Previous | Contents | Next

Chapter 5: Compile Time Commands

5.1 Compiler Utility Commands

These commands are similar to the C preprocessor in terms of purpose and functionality. They allow file inclusion, conditional compilation, executable header packing and process execution during the build process. Note: None of these commands allow the use of variables.

Number literals support the 0b, 0o, 0n and 0x radix prefixes (base 2, 8, 10 and 16 respectively). Note: The deprecated plain 0 octal prefix is also supported in some places but its usage is discouraged.

5.1.1 !include


This command will include 'file' as if it was part of the original script. Note that if a file is included in another directory, the current directory is still where the script was compiled from (not where the included file resides). If the compiler can't find the file it will look for it in every include directory. See !addincludedir for more information. If the /nonfatal switch is used and no files are found, a warning will be issued instead of an error. /charset can be used to specify a codepage for plain text files without a BOM.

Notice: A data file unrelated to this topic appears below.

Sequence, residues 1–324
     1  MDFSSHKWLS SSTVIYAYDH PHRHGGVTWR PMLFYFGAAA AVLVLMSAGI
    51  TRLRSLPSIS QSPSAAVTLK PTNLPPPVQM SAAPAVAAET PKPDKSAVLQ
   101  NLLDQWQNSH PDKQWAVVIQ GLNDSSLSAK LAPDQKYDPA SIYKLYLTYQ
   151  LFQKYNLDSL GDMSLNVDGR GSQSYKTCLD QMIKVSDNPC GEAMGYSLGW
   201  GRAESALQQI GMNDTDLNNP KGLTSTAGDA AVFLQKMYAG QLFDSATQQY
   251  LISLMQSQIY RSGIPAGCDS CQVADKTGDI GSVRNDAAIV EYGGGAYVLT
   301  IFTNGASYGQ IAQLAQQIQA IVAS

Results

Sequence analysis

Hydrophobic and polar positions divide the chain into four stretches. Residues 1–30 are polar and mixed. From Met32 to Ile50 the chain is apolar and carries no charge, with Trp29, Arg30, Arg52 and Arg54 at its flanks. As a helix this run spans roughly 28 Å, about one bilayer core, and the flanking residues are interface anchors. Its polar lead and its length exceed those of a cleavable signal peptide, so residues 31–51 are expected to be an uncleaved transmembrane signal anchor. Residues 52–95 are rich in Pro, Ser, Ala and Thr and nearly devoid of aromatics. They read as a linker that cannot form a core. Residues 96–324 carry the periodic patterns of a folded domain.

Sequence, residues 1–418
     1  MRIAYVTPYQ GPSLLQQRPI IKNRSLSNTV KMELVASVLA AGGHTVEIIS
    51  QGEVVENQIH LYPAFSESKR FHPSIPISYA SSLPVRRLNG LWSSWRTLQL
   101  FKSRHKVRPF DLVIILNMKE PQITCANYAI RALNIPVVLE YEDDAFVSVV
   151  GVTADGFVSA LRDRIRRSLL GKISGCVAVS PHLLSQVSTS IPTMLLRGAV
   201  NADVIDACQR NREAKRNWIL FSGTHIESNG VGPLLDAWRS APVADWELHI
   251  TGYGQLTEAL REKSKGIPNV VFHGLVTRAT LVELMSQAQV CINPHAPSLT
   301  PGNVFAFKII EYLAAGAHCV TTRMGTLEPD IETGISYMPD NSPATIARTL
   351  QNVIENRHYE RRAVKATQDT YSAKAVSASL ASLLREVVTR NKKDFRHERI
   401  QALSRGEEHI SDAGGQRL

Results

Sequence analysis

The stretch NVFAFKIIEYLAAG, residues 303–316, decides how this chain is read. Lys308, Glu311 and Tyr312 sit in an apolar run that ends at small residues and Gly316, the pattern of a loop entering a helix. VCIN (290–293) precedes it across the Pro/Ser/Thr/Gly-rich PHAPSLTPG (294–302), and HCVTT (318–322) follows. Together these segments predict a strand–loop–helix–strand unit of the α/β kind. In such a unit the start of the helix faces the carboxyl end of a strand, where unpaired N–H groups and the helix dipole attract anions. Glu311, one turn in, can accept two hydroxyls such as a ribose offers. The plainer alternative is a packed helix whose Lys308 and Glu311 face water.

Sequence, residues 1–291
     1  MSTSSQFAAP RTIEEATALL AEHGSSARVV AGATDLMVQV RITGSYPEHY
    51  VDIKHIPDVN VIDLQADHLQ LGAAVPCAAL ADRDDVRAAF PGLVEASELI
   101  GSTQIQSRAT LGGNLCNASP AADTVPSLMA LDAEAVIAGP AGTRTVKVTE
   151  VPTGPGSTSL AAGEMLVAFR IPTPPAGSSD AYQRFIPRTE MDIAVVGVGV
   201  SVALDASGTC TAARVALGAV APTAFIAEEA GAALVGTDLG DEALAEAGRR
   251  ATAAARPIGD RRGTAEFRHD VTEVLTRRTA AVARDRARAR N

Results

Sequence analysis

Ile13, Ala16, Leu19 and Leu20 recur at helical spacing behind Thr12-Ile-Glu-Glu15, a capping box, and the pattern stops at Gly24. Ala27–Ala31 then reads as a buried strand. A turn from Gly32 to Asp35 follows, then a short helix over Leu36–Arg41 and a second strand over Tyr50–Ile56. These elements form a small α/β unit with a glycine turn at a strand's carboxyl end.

!include WinMessages.nsh
!include Library.nsh
!include /CHARSET=CP1252 C:\MyConfig.nsi
!include ..\MyConfig.nsh
!include /NONFATAL file_that_may_exist_or_not.nsh

5.1.2 !addincludedir


Adds another include directory to the include directories list. This list is searched when !include is used. This list's initial value is ${NSISDIR}\Include.

!addincludedir ..\include
!include something.nsh

5.1.3 !addplugindir

[/x86-ansi | /x86-unicode] directory

Causes the NSIS compiler to scan the given directory for plug-in DLLs. If you don't specify the plug-in architecture it is assumed to match the current target architecture. If the architecture does not match the installer will probably crash!

!addplugindir ..\myplugin

5.1.4 !appendfile

[/CHARSET=ACP|OEM|CP#|UTF8[SIG]|UTF16<LE|BE>[BOM]] [/RawNL] file text

Appends text to file. The text is written as ANSI (ACP) unless the file already has a BOM. Using /CHARSET will force a specific character encoding. $\n will be translated to $\r$\n on Windows unless you specify /RawNL.